A terrific season for the 36-year old Rich Hill, including being traded by the Oakland Athletics to the Los Angeles Dodgers, could end up with him getting an unlikely multiyear deal to provide a nice cushion for his retirement, which can’t be that far away.
Despite a series of nagging injuries, including a blister he can’t shake recently, it’s been a terrific season for Hill, making a career-best $6 million this season. He’s started just twice for the Dodgers but hasn’t given up any runs in the 12 innings he’s pitched for them, allowing only one walk per every 5.5 batter he struck out. Overall in 2016, including his time with the A’s, he’s 11-3 with a 1.94 ERA and a 1.034 WHIP, striking out 10.3 batters per nine innings. He has a 48.8% ground ball ratio and 14.9% infield fly ratio through the 88 innings he’s pitched.
Is Hill a starter for a full season? Something around 180 innings, or slightly less? His 88 innings this season is his most since throwing 195 innings for the Chicago Cubs in 2007. Since then he’s mostly been employed as a reliever. The injuries suggest that too much of a workload isn’t recommended, and obviously, giving a pitcher at that age a long term deal is always something of a risk, although Hill isn’t going to command that big of a pricetag when he becomes a free agent again. It’ll be more than the $6 million he made this season, but not by that much. R.A. Dickey signed a $12 million per year deal with the Toronto Blue Jays at the age of 38. He has been OK, far from great, since that 2012 season with the New York Mets.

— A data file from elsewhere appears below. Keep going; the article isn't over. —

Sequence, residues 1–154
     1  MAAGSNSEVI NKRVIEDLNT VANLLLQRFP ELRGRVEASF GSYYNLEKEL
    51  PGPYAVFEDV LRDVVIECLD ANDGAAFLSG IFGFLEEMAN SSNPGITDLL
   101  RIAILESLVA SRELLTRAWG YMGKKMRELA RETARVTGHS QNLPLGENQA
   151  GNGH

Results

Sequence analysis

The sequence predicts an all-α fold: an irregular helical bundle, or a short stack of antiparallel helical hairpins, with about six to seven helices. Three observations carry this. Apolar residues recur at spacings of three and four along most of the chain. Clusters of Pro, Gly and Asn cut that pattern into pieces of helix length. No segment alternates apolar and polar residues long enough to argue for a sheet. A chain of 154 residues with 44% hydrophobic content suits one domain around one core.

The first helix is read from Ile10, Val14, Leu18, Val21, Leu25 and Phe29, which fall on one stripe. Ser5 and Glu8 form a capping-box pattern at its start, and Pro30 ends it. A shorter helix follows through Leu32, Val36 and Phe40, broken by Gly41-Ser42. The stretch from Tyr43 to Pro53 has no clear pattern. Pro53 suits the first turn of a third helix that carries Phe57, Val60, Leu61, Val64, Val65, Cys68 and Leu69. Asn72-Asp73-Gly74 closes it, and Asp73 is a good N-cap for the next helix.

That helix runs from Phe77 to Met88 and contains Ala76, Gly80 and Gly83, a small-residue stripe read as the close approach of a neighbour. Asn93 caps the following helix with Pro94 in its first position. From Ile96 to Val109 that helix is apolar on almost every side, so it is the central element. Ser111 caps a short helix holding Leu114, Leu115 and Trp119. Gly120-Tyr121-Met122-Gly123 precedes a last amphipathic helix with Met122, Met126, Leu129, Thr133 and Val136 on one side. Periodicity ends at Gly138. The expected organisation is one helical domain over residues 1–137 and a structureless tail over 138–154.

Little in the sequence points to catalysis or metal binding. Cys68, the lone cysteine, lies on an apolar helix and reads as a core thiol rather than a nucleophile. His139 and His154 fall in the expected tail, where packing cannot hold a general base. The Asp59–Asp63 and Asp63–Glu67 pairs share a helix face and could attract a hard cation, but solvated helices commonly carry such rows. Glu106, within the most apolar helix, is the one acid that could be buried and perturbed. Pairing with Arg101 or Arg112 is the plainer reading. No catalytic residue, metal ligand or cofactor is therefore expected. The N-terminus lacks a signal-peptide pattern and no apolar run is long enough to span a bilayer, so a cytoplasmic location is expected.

The Dodgers, despite their injuries and especially losing Clayton Kershaw, are leading the NL West, taking over the top spot from the San Francisco Giants last month, as the Giants have been unable to win consistently since the All-Star break. If Hill stays healthy, along with other IFs (not all of them having to do with players staying healthy), the Dodgers can be seen as the biggest threat in the National League to the Chicago Cubs.